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10.05 - 09.06

Louise Haselton is a visual artist who employs a range of presentations. Her practice explores the inherent qualities of everyday materials, seeking connections and relationships between seemingly disparate materials and objects gleaned from the world around us. Haselton was awarded a Bachelor of Visual Art in 1990 from the University of South Australia and, in 2002, a Master of Fine Art (Sculpture) from RMIT University, Melbourne. She has undertaken several artist residencies, including Sanskriti Kendra, Delhi, India; Phasmid Studios, Berlin, Germany; and Blackstone Art Centre, Papalankutja, Western Australia. She has held solo exhibitions at the Experimental Art Foundation, the Samstag Museum of Art, the Contemporary Art Centre of SA, and GAGPROJECTS, Adelaide. She has participated in numerous group exhibitions, notably the pleasurable, the illegible, the multiple, the mundane, ArtSpace, Sydney, curated by Talia Linz; and Fabrik: conceptual, minimalist, and performative approaches to textiles, Ian Potter Museum of Art, Melbourne, curated by Jane O’Neill. In 2019, Haselton’s practice was the subject of the SALA Publication published by Wakefield Press, titled Act Natural. This publication was accompanied by a major solo exhibition at the Samstag Museum of Art.

Louise Haselton’s playful works seek to awaken a sense of wonder in those that encounter them. Her sculptures, installations and prints often bring objects and materials into unexpected dialogues, their meeting orchestrated by the artist as a form of conversation. The convivial atmosphere of these ‘conversations’ is generated by the startling juxtapositions of natural and man-made elements that each bring their own personalities to the encounter. As curator Gillian Brown has observed: Haselton’s aesthetic decisions take into account the inherent qualities of each element, looking not to transform but to expose them as they are, acknowledging their agency. 1This feeling of agency energises her free standing and wall mounted sculptures which possess a finely tuned sense of balance. This principle is central to her enquiry, with materials of different weight and qualities brought together in harmony. Haselton selects her elements by foraging discarded objects in the neighbourhoods surrounding her home in Adelaide’s inner west, or by sourcing materials (ranging from semi-precious stones to velvet, felt, leather) online, or through specialist shops, as well as discovering unlikely treasures in two dollar emporiums. Her assembly of these quotidian materials and unlikely objects happens through a slow, careful process of selection, the artist living with the items for months, or even years, at a time. In the final work the object may stay in its found state, or it may be altered – for example through a process of binding with wool or casting in bronze.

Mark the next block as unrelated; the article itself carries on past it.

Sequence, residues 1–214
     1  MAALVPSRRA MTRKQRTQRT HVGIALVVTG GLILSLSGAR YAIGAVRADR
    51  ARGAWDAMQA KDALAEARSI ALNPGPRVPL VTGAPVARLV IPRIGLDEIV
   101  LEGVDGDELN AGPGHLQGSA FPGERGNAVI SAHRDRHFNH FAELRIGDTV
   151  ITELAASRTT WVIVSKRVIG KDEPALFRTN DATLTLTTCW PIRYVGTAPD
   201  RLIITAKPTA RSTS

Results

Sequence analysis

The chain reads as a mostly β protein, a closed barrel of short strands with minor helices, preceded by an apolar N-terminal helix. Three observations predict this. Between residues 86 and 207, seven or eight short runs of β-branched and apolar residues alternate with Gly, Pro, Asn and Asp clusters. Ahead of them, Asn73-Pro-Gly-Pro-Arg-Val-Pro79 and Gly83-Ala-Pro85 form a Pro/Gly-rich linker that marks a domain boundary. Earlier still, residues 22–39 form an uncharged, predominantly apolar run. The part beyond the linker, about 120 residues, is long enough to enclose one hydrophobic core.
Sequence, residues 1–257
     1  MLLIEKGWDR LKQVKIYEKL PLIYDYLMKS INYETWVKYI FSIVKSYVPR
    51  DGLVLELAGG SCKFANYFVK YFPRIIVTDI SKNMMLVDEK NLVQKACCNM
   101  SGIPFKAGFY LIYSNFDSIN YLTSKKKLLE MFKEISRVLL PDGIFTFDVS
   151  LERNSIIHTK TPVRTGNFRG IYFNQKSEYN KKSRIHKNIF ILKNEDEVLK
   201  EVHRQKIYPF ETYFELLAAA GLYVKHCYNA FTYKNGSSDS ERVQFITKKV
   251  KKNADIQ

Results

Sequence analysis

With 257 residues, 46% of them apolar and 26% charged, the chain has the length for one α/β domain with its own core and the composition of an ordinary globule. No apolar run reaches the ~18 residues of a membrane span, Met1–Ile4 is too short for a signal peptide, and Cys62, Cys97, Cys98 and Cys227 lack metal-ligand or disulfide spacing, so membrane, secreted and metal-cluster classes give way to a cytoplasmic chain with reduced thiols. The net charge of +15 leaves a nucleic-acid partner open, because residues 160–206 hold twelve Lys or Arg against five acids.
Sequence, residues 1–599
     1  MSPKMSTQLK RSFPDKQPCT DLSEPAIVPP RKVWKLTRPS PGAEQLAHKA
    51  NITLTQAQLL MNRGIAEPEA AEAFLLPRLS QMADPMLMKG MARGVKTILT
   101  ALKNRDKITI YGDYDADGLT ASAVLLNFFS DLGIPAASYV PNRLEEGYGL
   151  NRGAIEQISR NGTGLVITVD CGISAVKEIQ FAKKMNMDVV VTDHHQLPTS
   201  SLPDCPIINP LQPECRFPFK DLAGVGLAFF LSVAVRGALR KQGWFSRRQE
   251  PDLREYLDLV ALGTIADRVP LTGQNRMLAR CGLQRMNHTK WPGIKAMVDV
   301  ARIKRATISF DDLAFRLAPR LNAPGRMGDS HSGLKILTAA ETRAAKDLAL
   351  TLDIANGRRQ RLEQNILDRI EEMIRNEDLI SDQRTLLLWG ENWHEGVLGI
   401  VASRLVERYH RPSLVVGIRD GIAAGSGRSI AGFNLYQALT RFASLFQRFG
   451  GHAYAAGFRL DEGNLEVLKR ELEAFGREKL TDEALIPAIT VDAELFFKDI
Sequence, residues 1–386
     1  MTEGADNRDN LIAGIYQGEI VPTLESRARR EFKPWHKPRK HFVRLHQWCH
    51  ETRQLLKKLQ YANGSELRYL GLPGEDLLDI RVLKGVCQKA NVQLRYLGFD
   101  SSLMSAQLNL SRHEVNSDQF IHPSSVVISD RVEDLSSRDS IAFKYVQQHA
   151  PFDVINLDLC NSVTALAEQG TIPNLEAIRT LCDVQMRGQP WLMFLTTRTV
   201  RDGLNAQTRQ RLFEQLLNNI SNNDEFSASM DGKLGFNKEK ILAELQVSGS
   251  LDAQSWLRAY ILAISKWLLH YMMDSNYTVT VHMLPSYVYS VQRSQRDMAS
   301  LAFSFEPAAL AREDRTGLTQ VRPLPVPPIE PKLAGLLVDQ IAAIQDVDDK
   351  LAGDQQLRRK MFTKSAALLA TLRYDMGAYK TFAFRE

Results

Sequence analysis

Haselton’s art draws on rich cultural history and is influenced by her reading and travels; for example in 2009 her first-hand research of objects created by the Angami and other Naga peoples in the remote north-east of Nagaland in India led her to make Scrutineers, 2011, now in the collection of the Art Gallery of South Australia (fig. 5). Haselton was attracted to the Naga peoples belief in animism - that not only humans, but also animals, plants, rocks, and natural phenomena possess a spirit or soul. Haselton has also drawn on early twentieth century sculptural traditions, in particular the work of Constantin Brancusi and Alexander Calder, and the Italian Arte Povera movement, with its respect for humble materials. For her forthcoming exhibition at GAG Projects Haselton has bought her reading of Adolf Loos’s polemical text Ornament and Crime (1908) to consider the tension between her gravitation towards minimalism and her attraction to adornment, recognising that these poles exist on a continuum. Her work Tracce (Traces) after Fausto Melotti, 2024 a pair of wall-mounted powder coated steel structures, re-imagines Fausto Melotti’s 1975 earrings as a large sculpture.


At the heart of Haselton’s practice is a certain paradox – a playful game of revealing and concealing. Her assemblages hint at underlying complexities, and the 2 connections between systems. One of those systems is ornament, as just discussed, another is language. It is perhaps no coincidence that the artist’s first degree was English Literature. When Haselton first became an artist, her early work (completed as part of her Masters at RMIT in 2000-2002) incorporated text. Haselton’s interest in the internal logic of language continues in her recent explorations, where the form of language – its minimal symbolic letters – are made strange, untethered to their function.

Haselton’s majestic survey exhibition of twenty-five years of her practice like cures like at the Samstag Museum of Art in 2019, revealed the ambition and quality of the artist’s work. A major monograph Act Natural by Gillian Brown and Leigh Robb, published to coincide with the exhibition, made a case for Haselton as one of Australia’s most compelling sculptors. Haselton’s work was recently curated by Talia Linz into the pleasurable, the illegible, the multiple, the mundane (fig. 7, Artspace, Sydney, 2021). In 2023 Haselton was the recipient of the prestigious South Australian Arts SA Fellowship.

Words by Maria Zagala,

Associate Curator of Prints, Drawings & Photographs

Art Gallery of South Australia


Louise Haselton acknowledges the assistance of Arts SA with this exhibition

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